Wintersweet was introduced to Japan from China during the 17th century, and to Britain, under the name of Calycanthus praecox, a century later. The generic name means "winter-flower', while the specific name means "precocious' as it flowers so early. It is a deciduous shrub (or sometimes with persistent leaves), up to 3 m high and wide (up to 13 m tall in the wild), with rough, opposite, dark green leaves and small, solitary, highly scented, yellowish flowers borne on short stalks in winter and spring before the leaves appear.

The outer petals (tepals) are waxy, almost transparent, in appearance, while the inner tepals are smaller and usually purplish. The flowers are beetle-pollinated.Named cultivars include Chimonanthus praecox ‘Luteus’, which has slightly larger flowers and yellow inner tepals, and C. praecox ‘Grandiflorus’, a larger shrub, with bigger leaves and larger, but less strongly scented, pure yellow flowers, with red-stained inner tepals.

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Thursday, 6 June 2019

FFF392 - BLUE WATERLILY

Nymphaea nouchali, or by its synonym Nymphaea stellata, or by name star lotus, red and blue water lily, blue star water lily, is a water lily of the genus Nymphaea. It is the national flower of Sri Lanka and of Bangladesh. This aquatic plant is native from the Indian Subcontinent to the Australian region. It has been long valued as a garden flower in Thailand and Myanmar to decorate ponds and gardens.

In its natural state, N. nouchali is found in static or slow-flowing aquatic habitats of little to moderate depth. Nymphaea nouchali is a day-blooming nonviviparous plant with submerged roots and stems. Part of the leaves are submerged, while others rise slightly above the surface. The leaves are round and green on top; they usually have a darker underside. The floating leaves have undulating edges that give them a crenellate appearance. Their size is about 20–23 cm and their spread is 0.9 to 1.8 m.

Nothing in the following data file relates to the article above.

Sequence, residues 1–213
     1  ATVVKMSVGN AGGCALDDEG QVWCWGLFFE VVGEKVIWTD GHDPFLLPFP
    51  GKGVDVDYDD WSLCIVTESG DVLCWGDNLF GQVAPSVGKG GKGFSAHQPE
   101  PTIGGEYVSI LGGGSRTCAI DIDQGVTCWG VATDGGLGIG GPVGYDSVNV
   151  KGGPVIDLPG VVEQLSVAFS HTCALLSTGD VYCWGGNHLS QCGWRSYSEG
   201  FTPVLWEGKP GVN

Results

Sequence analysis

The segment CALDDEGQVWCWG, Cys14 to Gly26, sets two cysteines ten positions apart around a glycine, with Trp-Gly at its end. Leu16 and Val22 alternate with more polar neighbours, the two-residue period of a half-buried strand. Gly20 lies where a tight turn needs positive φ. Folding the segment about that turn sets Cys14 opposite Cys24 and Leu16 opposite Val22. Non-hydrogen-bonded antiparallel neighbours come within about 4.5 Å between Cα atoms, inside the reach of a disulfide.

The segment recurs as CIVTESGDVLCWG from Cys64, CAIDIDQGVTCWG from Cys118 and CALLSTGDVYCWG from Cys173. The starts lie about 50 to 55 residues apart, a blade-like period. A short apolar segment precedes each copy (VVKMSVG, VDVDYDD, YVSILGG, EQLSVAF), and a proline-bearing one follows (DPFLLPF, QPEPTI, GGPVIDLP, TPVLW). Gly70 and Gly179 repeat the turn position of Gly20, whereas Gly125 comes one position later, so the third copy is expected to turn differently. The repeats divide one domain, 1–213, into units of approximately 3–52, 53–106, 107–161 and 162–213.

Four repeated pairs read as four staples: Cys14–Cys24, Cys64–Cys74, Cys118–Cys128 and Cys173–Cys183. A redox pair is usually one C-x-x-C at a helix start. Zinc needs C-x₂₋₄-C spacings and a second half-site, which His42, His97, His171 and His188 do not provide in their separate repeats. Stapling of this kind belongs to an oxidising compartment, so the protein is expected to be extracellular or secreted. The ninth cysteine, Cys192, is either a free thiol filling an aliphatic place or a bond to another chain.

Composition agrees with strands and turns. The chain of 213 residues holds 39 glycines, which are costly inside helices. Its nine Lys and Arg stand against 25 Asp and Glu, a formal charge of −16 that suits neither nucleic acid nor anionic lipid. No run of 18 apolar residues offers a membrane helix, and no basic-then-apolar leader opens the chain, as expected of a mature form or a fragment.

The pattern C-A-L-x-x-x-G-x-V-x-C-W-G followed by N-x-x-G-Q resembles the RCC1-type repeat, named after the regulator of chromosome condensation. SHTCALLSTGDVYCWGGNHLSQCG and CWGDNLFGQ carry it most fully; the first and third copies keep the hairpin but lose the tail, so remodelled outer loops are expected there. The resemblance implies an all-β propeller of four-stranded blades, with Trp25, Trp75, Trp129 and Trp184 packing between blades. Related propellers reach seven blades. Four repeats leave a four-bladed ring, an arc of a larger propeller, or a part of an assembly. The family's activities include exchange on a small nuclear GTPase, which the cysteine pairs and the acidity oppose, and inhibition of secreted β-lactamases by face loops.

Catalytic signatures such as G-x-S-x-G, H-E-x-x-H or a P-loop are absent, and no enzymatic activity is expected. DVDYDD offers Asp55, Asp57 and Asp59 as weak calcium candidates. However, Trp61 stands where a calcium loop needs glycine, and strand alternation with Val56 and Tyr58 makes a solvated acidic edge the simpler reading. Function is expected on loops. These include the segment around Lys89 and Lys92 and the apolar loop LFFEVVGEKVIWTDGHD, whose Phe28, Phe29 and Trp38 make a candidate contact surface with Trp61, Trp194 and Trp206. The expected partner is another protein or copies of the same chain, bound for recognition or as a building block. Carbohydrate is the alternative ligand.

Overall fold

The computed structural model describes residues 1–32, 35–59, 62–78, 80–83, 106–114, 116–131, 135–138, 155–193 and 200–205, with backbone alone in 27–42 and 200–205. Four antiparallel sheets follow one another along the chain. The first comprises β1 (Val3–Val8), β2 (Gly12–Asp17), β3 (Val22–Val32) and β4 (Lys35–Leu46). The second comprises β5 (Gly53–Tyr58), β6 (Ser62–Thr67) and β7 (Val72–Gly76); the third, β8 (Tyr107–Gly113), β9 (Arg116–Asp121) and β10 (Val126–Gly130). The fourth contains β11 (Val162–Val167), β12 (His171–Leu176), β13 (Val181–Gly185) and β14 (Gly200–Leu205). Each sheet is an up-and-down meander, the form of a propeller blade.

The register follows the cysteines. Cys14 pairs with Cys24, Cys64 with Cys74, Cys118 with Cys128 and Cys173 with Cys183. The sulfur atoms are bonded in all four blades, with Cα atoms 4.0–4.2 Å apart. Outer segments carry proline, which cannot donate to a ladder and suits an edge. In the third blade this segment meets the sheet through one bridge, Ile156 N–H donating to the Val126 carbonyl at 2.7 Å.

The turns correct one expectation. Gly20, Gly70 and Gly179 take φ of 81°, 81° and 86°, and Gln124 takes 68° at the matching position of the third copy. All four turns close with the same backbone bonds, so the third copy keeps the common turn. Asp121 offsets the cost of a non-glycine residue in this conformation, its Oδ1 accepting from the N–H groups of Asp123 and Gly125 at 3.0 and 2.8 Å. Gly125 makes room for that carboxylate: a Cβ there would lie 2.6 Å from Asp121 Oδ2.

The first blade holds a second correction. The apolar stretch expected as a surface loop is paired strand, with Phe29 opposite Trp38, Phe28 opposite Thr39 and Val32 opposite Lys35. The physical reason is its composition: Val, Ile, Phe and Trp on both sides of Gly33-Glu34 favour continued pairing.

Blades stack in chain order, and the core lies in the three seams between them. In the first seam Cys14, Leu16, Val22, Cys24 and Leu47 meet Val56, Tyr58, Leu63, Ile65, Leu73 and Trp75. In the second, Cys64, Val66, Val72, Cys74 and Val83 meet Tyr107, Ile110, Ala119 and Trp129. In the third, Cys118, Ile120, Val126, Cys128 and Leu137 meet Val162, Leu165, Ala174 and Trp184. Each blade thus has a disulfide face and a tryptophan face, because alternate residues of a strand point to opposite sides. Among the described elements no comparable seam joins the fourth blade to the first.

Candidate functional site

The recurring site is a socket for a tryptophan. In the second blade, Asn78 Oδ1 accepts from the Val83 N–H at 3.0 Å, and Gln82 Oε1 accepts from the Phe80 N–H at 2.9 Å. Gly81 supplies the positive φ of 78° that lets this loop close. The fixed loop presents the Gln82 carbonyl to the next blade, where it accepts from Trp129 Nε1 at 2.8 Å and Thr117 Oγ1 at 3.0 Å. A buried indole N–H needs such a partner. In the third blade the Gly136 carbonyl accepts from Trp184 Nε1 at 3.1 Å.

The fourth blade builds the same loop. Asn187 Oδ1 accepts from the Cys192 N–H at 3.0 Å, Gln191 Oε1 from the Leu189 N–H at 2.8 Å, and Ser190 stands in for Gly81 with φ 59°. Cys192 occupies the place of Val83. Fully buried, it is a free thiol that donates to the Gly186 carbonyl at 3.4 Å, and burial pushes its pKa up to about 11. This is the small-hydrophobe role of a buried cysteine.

This water lily has a beautiful flower which is usually violet blue in colour with reddish edges. Some varieties have white, purple, mauve or fuchsia-coloured flowers, hence its name red and blue water lily. The flower has 4-5 sepals and 13-15 petals that have an angular appearance making the flower look star-shaped from above. The cup-like calyx has a diameter of 11–14 cm.

N. nouchali is used as an ornamental plant because of its spectacular flowers. It is also popular as an aquarium plant under the name "Dwarf Lily" or "Dwarf Red Lily". Sometimes it is grown for its flowers, while other aquarists prefer to trim the lily pads, and just have the underwater foliage. Nymphaea nouchali is considered a medicinal plant in Indian Ayurvedic medicine under the name Ambal; it was mainly used to treat indigestion.

Like all waterlilies or lotuses, its tubers and rhizomes can be used as food items; they are eaten usually boiled or roasted. In the case of N. nouchali, its tender leaves and flower peduncles are also valued as food. The dried plant is collected from ponds, tanks and marshes during the dry season and used in India as animal forage.

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Thursday, 30 May 2019

FFF391 - BERGENIA

Bergenia (elephant-eared saxifrage, elephant's ears) is a genus of ten species of flowering plants in the family Saxifragaceae, native to central Asia, from Afghanistan to China and the Himalayan region. They are clump-forming, rhizomatous, evergreen perennials with a spirally arranged rosette of leaves 6–35 cm long and 4–15 cm broad, and pink flowers produced in a cyme.